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November 24, 1945


JAMA. 1945;129(13):863-868. doi:10.1001/jama.1945.02860470023006

Although the agents available for the treatment of diabetic acidosis have remained the same for many years, there is today no universally accepted procedure in the management of this common medical emergency. No one will deny that the two most urgently needed substances are insulin and isotonic solution of sodium chloride, but worthy of critical review are (a) the desirability of administering glucose in the early phases of therapy, (b) the need for frequent determinations of blood sugar and carbon dioxide combining power in regulating the treatment, (c) the optimum size of the doses of insulin, and their frequency of administration, and (d) the need for the constant attendance of a team of specialists in the field of diabetes mellitus to guide the therapy.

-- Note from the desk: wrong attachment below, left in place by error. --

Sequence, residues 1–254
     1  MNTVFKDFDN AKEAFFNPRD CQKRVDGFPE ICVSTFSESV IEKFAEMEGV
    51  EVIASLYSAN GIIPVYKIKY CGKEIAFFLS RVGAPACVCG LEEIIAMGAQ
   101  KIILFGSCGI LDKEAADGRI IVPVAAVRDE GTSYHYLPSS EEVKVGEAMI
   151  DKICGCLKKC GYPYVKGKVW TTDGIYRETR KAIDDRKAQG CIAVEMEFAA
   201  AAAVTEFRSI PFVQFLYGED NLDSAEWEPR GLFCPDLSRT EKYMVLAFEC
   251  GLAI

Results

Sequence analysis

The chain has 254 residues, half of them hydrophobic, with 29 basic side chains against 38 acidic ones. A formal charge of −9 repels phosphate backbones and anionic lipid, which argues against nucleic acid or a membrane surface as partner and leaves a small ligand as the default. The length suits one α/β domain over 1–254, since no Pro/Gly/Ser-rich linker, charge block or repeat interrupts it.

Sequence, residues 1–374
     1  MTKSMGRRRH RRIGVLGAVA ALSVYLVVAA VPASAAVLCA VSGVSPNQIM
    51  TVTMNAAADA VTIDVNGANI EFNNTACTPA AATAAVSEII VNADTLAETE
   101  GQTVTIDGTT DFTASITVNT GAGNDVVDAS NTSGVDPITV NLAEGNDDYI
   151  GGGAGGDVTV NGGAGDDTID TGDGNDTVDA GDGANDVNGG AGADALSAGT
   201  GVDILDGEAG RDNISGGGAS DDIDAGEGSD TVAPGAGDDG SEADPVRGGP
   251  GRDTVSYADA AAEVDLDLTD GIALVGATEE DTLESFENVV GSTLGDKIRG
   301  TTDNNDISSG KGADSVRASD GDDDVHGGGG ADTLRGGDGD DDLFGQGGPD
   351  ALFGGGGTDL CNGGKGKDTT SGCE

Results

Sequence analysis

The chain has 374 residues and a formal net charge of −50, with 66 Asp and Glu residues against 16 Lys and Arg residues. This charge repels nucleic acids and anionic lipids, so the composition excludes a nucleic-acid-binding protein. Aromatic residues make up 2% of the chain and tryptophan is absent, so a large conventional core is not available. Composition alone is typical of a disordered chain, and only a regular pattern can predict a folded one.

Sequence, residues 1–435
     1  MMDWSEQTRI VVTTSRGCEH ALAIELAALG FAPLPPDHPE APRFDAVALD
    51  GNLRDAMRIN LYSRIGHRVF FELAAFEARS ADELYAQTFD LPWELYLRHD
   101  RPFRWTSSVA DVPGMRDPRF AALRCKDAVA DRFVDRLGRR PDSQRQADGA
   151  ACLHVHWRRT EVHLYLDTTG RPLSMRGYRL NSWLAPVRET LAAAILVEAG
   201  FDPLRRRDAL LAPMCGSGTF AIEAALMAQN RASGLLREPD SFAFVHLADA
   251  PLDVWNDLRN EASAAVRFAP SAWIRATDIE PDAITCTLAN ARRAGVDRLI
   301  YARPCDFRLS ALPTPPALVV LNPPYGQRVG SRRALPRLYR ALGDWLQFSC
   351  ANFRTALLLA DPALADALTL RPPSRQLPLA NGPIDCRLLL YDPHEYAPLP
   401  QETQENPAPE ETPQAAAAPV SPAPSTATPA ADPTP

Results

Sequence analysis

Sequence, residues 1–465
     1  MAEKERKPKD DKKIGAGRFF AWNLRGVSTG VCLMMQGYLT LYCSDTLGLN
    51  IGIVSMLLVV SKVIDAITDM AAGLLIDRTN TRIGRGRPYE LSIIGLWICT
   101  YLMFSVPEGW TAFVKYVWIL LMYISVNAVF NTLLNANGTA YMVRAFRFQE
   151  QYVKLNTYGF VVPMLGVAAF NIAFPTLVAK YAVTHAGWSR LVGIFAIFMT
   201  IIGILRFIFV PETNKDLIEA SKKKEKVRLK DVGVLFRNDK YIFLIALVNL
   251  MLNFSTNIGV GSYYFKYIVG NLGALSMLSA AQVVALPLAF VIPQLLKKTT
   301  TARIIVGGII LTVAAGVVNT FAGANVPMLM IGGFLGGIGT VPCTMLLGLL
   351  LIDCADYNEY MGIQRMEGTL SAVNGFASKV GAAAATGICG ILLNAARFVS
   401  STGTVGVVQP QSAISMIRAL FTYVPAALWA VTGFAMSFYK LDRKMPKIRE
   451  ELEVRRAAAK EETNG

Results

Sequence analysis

At the New York Hospital, during the past five years, nearly all patients with diabetic acidosis and diabetic coma have received liberal amounts of glucose by